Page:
Note the advantages of the computer bus hierarchy of FIG. 2 over the computer bus hierarchy shown in FIG. 1. Using triple-port bridge 205 in the manner shown in FIG. 2, two secondary buses which might otherwise be arranged in a vertical fashion, such as PCI buses 106 and 108 of FIG. 1 are instead arranged as bus peers, occupying the same hierarchical level in the computer system. Because PCI buses 206 and 207 are arranged as peers of each other by triple-port bridge 205, the hierarchy of the computer system is effectively flattened, thereby eliminating a bus level between the bus agents coupled to secondary PCI buses 206 and 207, and primary PCI bus 204.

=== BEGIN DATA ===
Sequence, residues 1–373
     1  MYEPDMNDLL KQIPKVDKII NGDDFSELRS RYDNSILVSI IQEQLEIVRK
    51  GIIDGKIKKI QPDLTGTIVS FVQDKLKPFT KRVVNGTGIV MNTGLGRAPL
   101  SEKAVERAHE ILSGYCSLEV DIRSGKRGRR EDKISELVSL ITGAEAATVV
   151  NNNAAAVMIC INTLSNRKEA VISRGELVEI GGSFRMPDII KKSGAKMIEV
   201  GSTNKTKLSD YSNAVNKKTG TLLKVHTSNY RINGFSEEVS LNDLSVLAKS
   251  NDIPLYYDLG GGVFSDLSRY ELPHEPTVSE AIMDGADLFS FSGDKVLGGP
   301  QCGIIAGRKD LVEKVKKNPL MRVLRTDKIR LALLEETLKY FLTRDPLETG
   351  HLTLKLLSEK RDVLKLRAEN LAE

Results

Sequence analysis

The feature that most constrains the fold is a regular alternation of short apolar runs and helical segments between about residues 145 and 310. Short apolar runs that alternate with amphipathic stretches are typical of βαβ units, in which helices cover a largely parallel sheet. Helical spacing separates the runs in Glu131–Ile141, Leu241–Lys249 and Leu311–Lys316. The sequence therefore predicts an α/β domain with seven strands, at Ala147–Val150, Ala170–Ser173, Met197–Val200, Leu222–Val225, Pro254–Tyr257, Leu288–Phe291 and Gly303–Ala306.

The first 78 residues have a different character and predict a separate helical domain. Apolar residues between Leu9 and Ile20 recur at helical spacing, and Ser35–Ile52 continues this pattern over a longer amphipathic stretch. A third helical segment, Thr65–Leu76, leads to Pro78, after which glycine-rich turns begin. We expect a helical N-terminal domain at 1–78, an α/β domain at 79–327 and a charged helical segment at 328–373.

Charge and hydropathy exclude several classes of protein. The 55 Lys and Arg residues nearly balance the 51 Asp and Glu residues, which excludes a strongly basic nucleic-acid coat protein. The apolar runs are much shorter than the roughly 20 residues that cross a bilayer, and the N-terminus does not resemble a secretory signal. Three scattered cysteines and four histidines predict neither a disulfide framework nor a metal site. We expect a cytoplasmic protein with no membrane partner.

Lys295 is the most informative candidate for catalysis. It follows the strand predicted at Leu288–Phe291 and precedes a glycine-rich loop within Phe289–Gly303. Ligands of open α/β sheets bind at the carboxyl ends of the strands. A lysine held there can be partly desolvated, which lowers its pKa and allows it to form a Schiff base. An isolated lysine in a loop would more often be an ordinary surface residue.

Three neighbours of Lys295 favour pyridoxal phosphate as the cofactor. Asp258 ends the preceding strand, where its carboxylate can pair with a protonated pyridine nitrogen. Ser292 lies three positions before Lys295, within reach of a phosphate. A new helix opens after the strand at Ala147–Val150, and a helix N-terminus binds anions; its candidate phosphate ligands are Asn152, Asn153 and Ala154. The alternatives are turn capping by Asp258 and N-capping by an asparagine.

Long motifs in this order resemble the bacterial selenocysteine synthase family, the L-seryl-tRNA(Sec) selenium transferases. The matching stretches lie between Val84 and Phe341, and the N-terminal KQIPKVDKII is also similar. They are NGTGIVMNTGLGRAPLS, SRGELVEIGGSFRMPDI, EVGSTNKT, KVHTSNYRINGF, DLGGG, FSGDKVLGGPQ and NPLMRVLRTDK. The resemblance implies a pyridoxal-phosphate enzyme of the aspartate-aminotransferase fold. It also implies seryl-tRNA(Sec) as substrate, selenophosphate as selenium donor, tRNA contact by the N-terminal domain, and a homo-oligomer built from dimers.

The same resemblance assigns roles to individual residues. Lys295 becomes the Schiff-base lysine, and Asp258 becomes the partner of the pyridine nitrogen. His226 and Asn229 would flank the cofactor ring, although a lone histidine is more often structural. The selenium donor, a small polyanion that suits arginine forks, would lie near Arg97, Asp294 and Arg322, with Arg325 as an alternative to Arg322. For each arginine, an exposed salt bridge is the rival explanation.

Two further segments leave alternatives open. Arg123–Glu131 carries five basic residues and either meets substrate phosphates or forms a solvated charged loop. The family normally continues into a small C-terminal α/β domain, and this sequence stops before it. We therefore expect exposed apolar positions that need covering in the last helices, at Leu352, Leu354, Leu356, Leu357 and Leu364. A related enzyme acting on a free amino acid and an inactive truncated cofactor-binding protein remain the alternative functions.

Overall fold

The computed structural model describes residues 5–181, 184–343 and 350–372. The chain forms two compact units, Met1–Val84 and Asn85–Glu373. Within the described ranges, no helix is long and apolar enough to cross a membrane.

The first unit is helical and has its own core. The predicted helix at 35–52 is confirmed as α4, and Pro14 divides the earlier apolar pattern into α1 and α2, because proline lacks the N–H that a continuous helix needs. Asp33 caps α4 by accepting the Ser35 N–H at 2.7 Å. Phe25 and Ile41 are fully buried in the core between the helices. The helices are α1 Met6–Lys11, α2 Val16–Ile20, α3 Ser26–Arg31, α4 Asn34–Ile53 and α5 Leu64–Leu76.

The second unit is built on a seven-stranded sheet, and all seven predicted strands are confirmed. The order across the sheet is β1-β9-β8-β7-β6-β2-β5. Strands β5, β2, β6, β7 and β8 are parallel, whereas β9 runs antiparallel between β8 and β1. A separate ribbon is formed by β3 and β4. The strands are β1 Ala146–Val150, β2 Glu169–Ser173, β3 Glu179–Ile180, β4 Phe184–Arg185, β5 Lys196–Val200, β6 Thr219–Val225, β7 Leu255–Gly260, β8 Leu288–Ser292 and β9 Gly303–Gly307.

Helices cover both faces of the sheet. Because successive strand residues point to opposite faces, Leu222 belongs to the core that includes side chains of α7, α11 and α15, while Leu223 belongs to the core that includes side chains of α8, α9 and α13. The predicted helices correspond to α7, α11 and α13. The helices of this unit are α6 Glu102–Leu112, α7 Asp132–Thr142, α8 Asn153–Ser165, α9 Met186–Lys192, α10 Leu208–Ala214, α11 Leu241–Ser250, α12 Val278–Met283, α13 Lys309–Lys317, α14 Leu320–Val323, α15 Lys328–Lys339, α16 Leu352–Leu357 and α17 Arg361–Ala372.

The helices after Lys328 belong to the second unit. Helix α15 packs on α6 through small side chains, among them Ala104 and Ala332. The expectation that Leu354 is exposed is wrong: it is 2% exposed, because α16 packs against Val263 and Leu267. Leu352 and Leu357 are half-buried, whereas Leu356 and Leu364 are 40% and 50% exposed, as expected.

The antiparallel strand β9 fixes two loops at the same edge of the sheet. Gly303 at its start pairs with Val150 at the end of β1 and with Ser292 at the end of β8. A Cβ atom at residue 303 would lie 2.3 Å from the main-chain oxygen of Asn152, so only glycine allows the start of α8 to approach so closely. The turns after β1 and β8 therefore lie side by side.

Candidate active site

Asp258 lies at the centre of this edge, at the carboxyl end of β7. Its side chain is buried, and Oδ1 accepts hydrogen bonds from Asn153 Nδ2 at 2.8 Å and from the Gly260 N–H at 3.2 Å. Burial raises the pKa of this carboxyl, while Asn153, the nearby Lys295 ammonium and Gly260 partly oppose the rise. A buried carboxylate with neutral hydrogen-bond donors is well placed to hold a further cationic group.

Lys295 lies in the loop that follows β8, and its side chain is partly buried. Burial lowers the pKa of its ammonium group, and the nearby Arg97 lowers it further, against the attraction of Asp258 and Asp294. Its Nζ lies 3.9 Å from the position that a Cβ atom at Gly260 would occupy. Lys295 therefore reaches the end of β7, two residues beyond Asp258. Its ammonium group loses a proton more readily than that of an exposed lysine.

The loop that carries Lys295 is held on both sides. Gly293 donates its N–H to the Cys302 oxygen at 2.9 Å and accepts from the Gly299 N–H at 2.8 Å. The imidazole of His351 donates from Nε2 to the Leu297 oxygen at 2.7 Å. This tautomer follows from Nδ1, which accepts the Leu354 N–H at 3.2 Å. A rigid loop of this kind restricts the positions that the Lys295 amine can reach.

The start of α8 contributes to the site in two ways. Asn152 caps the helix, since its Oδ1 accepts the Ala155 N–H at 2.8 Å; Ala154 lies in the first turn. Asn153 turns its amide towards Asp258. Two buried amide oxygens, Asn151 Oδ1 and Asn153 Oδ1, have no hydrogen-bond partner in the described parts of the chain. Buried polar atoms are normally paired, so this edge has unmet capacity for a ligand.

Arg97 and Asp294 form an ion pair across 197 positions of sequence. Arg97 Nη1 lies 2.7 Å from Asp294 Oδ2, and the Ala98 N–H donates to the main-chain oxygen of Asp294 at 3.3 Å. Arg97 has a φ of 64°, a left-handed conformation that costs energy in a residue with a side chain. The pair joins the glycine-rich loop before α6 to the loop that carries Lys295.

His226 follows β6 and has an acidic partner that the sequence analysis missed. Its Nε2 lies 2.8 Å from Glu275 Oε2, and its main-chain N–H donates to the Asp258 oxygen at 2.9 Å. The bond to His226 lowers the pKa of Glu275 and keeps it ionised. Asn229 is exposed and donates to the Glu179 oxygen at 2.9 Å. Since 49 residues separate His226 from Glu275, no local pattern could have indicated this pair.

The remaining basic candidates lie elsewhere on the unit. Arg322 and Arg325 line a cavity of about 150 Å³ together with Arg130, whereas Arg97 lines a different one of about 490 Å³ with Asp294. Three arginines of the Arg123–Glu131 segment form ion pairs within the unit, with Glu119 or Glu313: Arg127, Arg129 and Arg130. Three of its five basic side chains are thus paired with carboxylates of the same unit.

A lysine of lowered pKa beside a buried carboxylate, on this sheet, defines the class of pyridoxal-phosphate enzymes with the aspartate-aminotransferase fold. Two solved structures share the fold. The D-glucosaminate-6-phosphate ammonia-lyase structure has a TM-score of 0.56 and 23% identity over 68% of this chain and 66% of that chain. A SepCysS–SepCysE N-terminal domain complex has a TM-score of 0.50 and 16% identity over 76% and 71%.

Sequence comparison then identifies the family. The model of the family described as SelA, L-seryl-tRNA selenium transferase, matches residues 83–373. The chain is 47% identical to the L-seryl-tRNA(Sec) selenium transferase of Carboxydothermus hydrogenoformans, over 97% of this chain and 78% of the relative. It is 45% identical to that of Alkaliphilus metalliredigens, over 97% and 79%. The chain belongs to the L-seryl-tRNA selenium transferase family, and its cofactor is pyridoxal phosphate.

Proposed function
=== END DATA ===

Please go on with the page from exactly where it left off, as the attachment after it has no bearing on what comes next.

Because triple-port bridge 205 has served to eliminate a bus level in the hierarchy of the computer system, the amount of time it takes for a bus agent coupled to a secondary bus of triple-port bridge 205 to communicate and execute a transaction with a device upstream of the triple-port bridge is reduced. While bus levels in a computer system hierarchy may similarly be eliminated by coupling additional, conventional bridges to the primary bus of the system, these additional bridges contribute to the load on the primary bus and increase the cost of the overall system, as further described below. In accordance with one embodiment of the present invention, peripheral devices coupled to secondary PCI buses 206 and 207 can achieve higher performance than could be achieved by the devices coupled to, for example, PCI bus 108 of FIG. 1. Similarly, devices upstream of triple-port bridge 205 such as, for example, processor 201 or bus agents coupled to PCI bus 204, can access the devices downstream of triple-port bridge 205 such as, for example, the bus agents coupled to secondary PCI bus 206 or 207, in a shorter period of time.